If talk produces action, the annual meeting of the World Economic Forum that concluded Sunday could herald progress on issues such as fighting misery in the developing world and achieving Middle East peace.
Prominent political and business leaders used the five-day event to unveil pledges of assistance for poor nations with a focus on concrete solutions, such as expediting the provision to Africa of generic AIDS drugs and mosquito nets to prevent malaria.
In addition, upbeat Israeli-Palestinian conversations raised hopes that 2005 could bring new areas of international consensus.
“There is a meeting of moods as well as of minds,” Israeli Vice Premier Shimon Peres said during a panel discussion with Palestinian counterparts last week.
Nonetheless, the hopeful mood was tinged with concern about abiding triggers for global strife: Iran’s nuclear program, transatlantic discord and U.S. deficits that could threaten world economic stability.
Even when it came to Africa, perhaps the most prominent issue at Davos, a discussion Sunday highlighted differences over strategy as well as agreement that the time had come to act. In contrast to Europeans who favor using international institutions, Australian Prime Minister John Howard and New York Stock Exchange chief executive John Thain emphasized the response of nations and free markets.
“The trade policies of Europe have denied access to agricultural exporters from some of the poorest countries in the world,” said Howard, adding that Africa would benefit enormously if Europe dropped trade tariffs and farm subsidies that blocked African commodities.
French President Jacques Chirac will have a more difficult time persuading voters to forgo domestic farm subsidies than accept an international anti-poverty tax, a proposal he offered here last week to a lukewarm response from corporate executives. There was more enthusiasm about a British proposal to create a mechanism for floating bonds on financial markets to raise aid money.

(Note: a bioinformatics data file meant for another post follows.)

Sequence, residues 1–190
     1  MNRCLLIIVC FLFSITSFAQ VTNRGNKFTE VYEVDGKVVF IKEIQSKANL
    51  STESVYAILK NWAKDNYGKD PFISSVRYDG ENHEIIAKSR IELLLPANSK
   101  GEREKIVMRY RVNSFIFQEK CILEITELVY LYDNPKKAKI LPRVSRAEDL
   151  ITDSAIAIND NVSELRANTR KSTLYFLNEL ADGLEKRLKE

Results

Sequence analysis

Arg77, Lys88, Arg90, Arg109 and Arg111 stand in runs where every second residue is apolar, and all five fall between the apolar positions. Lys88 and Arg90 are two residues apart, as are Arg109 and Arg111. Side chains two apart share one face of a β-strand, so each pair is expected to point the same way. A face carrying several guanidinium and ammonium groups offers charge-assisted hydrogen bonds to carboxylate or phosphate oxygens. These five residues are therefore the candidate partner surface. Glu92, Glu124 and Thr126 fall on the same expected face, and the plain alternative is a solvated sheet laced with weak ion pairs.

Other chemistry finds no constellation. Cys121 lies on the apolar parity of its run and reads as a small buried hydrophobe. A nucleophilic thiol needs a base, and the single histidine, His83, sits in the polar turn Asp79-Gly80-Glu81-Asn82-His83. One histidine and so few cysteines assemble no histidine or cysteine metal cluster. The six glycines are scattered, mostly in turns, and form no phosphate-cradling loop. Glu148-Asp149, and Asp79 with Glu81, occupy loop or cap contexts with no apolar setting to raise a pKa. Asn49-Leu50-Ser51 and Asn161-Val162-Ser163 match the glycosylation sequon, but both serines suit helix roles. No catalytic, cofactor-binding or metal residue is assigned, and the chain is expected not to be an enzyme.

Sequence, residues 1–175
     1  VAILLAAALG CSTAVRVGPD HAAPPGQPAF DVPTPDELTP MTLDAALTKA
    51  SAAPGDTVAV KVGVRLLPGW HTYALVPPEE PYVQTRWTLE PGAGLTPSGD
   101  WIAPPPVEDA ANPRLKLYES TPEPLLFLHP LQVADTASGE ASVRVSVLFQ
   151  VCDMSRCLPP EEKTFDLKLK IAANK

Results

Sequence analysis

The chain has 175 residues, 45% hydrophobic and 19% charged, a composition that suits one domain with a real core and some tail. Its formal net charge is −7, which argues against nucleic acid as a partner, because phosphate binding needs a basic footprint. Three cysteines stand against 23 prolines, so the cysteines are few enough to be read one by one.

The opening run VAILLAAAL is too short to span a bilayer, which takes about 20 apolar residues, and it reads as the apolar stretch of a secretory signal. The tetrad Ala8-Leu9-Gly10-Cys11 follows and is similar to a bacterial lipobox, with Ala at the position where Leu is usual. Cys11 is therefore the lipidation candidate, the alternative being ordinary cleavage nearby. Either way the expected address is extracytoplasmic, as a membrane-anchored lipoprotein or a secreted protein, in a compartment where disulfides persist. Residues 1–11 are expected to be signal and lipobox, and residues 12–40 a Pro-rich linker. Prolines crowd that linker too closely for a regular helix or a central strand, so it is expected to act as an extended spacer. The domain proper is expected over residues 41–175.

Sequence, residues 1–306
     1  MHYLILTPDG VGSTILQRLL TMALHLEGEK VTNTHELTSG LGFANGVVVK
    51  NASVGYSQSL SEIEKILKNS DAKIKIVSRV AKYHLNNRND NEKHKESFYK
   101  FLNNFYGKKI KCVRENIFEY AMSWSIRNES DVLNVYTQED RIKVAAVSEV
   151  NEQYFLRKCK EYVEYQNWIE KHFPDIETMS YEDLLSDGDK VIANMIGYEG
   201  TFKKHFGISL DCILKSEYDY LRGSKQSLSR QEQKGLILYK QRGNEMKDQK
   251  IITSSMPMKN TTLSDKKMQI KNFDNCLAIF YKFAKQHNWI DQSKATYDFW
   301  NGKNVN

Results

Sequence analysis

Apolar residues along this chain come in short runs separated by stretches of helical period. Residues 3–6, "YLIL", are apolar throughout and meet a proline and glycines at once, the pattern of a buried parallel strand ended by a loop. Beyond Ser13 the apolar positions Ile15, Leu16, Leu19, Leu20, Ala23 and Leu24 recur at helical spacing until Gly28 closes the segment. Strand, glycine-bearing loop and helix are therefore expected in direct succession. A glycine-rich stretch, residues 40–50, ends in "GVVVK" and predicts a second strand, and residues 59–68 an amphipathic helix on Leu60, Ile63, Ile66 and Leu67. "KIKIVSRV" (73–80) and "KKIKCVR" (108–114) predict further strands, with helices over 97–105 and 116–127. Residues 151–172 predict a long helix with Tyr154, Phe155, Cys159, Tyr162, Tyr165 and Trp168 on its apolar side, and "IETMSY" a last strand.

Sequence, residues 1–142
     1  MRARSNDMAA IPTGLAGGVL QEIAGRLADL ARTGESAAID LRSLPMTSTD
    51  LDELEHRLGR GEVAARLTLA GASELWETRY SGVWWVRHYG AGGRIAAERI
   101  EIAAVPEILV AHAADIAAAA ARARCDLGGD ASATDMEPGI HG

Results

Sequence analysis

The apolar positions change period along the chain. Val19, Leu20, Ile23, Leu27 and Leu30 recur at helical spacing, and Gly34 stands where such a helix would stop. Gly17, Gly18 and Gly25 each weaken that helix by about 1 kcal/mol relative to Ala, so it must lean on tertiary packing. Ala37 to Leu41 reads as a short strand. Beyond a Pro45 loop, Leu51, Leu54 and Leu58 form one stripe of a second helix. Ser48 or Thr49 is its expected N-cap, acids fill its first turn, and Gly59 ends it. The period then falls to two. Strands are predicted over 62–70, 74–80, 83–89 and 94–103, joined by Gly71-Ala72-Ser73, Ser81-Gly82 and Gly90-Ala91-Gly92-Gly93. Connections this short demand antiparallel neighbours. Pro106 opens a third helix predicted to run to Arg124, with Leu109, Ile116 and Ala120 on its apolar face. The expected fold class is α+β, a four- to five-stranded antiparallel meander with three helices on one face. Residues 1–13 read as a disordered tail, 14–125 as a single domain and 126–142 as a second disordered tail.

European leaders said the time had come for revitalizing a transatlantic alliance hurt by divisions over Iraq. They also said European negotiators should be given time and U.S. support in seeking a diplomatic accord over Iran’s nuclear program. In a nod to that option, Sen. John McCain (R-Ariz.) acknowledged that the U.S. had no desire to wage battle on another front now.
Participants say that nonproliferation could serve as a unifying issue for Europeans and the Americans seeking rapprochement. President Bush’s planned visit to Belgium and Germany next month will emphasize that point.
For all the talk about helping the developing world and reaffirming alliances, Western nations have internal economic challenges to confront, participants agreed. There were warnings about the future of the global economy, and the U.S. budget and trade deficits that have contributed to the dropping value of the U.S. dollar against the euro.
Although the world economy looks strong in the short run, the combination of a weakening dollar and mushrooming deficits could eventually provoke a plunge in the American currency that would wreak worldwide havoc.
A panel of economists recommended that the U.S. take action to reduce its deficits, though the expected fiscal demands of a continued military presence in Iraq and proposed revisions to Social Security could make that difficult.
Meanwhile, European economies must do their part to increase growth and correct trade imbalances with the U.S., according to experts at the conference.
That means pursuing reforms of labor regulations, social welfare expenditures and other structural problems that spread stagnancy, according to Jose Manuel Barroso, the new president of the European Commission.